13 00 13 00 11 75 10 50 8 50 Beef, city mess,..

10 00 9 00

9 00 6 00 5 50 repacked Chicago,

12 50 9 50 9 50 9 00 11 00 Beef hams, extra,

15 50 15 00 14 50 14 00 14 50 Hams, pickled,

.lb. 83 97 91 Shoulders, pickled,.

67 61

54 44 Lard,

91 111 103 105 8% Butter, Ohio,..

16 18 16 14 15 State,

20 20 20 18 19 Orange County,

24 25 24 22 22 Cheese,..

8
9 11 10

7 Rice, good,

100 lbs. 3 25 3 50 4 20 4 00 7 00 Salt, Liverpool, ground,. ..sack, 80 90 1 15 75 86 fine, Ashron's,

1 30 1 38 1 95 1 60 1 70 Seeds, clover,

.lb. 97 97 87 84 77 Sugar, Cuba, good,..

7
7

67 87 Tallow,...

10 104 107 98 Whalebone, polar, .

1 10 95 90

88 76 Wool, common fleece,

27
3 40

30 The annual report of the State Engineer of New-York, for 1861, reports the length of canals in the State amounts to eight hundred and cighty-six miles, and there are seventeen reservoirs to supply it with water. Seven feet of water have been maintained throughout the season. The eastern di sion comprises all the lines of canal east of Oneida Lake; the middle division, all lying between Oneida Lake and Wayne county ; and the western division, all in the western part of the State. To finish the enlargement will require $391,000, exclusive of land damages. There will be also an additional item of $75,000 for bottoming out the Erie canal, when the work was prematurely accepted by former canal commissioners and engineers. Number of unfinished contracts, seventy-six. It is completed through the Cayuga marshes already. The amount paid last year for bottoming out was $59,229. Mr. Richmond recommends an increased expenditure on the Erie basin; also the construction of thirteen locks additional between Rochester and the Cayuga marshes. The reservoirs have been completed on the Black River Canal, capable of discharging 11,000 cubic feet per minute. The State Engineer states that there will be an additional expenditure required for the completion of several of the lateral canals ; but the aggregate figure is less than $25,000.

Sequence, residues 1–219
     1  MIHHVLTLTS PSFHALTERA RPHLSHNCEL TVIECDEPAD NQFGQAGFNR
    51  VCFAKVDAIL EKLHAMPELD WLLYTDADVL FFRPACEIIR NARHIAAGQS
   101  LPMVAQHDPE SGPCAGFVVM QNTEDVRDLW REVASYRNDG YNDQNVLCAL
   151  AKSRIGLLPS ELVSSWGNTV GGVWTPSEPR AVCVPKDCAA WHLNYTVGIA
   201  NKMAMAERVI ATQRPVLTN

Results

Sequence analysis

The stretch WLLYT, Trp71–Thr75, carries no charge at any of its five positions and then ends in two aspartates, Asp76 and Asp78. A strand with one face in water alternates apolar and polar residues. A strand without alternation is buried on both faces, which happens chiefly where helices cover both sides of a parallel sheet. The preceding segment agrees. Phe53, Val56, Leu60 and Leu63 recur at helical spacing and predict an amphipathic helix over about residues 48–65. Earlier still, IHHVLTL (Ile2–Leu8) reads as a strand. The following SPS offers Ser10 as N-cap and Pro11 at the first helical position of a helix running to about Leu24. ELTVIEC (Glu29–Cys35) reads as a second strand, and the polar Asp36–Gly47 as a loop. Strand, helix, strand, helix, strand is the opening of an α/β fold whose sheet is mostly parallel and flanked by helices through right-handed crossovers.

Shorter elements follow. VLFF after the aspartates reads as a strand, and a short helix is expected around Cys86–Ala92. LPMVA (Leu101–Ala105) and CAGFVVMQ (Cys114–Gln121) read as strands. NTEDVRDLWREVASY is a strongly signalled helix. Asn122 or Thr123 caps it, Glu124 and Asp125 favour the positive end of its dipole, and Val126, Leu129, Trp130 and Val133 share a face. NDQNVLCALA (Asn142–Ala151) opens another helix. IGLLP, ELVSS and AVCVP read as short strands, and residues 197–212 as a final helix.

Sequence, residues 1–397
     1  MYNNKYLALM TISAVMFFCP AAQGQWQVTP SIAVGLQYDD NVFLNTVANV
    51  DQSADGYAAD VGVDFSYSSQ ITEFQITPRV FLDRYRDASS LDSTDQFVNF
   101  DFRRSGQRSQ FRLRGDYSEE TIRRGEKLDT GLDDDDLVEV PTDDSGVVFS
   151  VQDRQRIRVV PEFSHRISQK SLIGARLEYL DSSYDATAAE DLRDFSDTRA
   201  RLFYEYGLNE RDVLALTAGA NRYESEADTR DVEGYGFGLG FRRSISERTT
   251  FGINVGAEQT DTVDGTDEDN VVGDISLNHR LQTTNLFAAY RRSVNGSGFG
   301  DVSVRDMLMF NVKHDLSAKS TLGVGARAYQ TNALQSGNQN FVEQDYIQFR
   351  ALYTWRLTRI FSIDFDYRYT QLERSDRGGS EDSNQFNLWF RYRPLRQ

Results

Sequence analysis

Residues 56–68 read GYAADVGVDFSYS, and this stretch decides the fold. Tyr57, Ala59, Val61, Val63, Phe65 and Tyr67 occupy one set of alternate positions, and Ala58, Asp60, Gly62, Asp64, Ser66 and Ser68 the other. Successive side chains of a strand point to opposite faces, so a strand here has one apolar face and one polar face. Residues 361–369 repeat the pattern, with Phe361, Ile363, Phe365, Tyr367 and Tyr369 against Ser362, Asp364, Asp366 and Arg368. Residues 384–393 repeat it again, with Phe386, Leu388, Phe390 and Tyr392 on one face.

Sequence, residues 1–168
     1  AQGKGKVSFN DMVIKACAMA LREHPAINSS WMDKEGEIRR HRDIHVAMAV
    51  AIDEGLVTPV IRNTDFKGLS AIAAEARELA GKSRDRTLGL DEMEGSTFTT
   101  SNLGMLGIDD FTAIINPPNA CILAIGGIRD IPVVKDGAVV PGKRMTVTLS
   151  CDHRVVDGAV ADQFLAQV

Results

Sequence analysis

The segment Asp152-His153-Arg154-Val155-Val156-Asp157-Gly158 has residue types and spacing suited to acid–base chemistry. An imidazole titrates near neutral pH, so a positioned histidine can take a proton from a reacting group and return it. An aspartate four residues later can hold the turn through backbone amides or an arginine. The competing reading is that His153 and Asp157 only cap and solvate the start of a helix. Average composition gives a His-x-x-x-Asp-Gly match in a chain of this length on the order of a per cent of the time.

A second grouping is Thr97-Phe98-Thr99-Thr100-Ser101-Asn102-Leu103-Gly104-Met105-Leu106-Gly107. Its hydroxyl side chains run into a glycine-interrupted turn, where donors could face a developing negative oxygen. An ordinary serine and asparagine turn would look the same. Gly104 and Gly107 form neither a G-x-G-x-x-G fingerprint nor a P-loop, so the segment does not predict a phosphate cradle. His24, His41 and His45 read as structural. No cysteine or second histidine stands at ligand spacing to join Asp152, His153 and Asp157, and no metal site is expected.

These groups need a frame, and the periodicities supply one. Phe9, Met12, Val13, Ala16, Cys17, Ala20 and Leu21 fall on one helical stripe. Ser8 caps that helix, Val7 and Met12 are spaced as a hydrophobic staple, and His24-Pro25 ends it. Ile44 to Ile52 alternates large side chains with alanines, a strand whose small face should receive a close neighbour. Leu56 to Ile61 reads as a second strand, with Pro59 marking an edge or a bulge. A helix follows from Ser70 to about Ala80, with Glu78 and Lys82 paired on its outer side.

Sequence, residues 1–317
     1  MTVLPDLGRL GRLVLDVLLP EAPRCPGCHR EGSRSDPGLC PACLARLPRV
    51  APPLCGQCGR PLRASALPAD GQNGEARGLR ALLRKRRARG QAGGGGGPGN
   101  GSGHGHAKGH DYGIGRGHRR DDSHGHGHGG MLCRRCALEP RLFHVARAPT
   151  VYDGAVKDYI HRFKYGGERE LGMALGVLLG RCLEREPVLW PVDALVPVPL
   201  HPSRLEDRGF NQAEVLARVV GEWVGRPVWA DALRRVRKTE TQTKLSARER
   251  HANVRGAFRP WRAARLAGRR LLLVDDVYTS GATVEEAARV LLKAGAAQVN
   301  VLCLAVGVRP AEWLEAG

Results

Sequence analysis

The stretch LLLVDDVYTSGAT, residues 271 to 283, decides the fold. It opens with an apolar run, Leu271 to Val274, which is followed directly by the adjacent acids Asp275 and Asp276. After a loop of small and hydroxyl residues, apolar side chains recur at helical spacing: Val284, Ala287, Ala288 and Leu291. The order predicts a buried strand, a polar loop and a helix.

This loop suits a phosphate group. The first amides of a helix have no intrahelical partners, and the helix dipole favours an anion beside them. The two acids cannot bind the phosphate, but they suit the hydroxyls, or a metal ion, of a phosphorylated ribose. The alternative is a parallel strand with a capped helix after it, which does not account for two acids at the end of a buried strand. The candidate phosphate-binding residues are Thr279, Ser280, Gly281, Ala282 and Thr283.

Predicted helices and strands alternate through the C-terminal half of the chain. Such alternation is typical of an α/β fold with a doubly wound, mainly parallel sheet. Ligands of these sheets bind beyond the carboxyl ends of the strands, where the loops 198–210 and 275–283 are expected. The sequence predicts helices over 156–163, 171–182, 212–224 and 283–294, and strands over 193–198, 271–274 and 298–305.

The trustees of the New-York and Erie Rail-Road Company, on the 31st December relinquished the property to the new organization.

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The following carefully prepared table gives the wholesale average price of flour in the Philadelphia market in the month of December for 66 years past: 1861,.... $5 37 1839,.. $5 73 1817,......

$93 1860, 4 87 1838. 8 40 1816,

13 1859, Ő 31 1837, 9 62 1815,

9 25 1858, 6 12 1836, 11 00 1814,.

8 00 1857, 6 12 1838,.. 6 75 1813,..

8 75 1856,.. 6 66 1834, 4 90 1812,..

10 25 1855, 8 86 1833, 5 37 1811,..

10 00 1854,. 9 18 1832,. 5 62 1810,..

11 25 1853, 6 86 1831 5 25 1809,

7 50 1852, 5 16 1830 5 31 1808.

6 75 1851, 4 15 1829, 5 43 1807,

6 75 1850, 4 71 1828, 8 00 1806,

7 50 1849, 4 87 1827, 5 00 1805,

8 26 1848, 5 14 1826, 5 26 1804,

11 00 1847,

6 49
182
4 87 1803,

7 50 1846,. 4 76 1824, 4 87 1802,

6 50 1845, 606 1823 6 12 1801,

7 25 1844, 4 29 1822, 6 50 1800,..

100 1843,.. 4 37 1821,.. 6 25 1799,

1 4 50 1820,.. 4 50 1798,..

975 1841,... 6 42 1819,.. 6 12 1797,...

8 50 1840,.... 5 00 1818,.. 900 1796,..

11 Many comments have been made by the merchants, custom-house brokers and employés, since the passage of the August tariff bill, concerning the importance and value of the warehousing system, and the opinions expressed have been unanimous in its favor. Indeed, a petition has been indited, and signed by many of the large importing merchants of the city, urging the restoration of the warehousing system as it existed previous to August 5, 1861. Below will be found the petition, together with Collector Barney's letter to Secretary Chase on the subject, in which he concurs with the merchants in their views of the importance of its restoration.

New-York, Nov. 9, 1861. To Hon. Hiram BARNEY, Collector of the port of New-York :

Dear Sir,— The undersigned, merchants of this city, ask your attention to the restoration of the bonding privileges which for some years, and, till recently, were enjoyed by them under the revenue laws of the country.

By the act of Congress passed in the month of August last, limiting the time to three months during which goods in bond may be either entered for consumption without payment of extra duties or may be exported, the advantages of the system are all but annulled; and the undersigned do not understand that the government derives any particular benefit from the withdrawal of a privilege that is valuable to the merchants, and of much importance to the commercial interests of this city generally.

The undersigned, therefore, respectfully request you to represent to the Treasury Department at Washington, that a deep interest is felt by the merchants of this city in the restoration of the bonding system, as it existed prior to the 5th of August, and to use your influence in having the privileges, which are now limited to three months, extended to three years.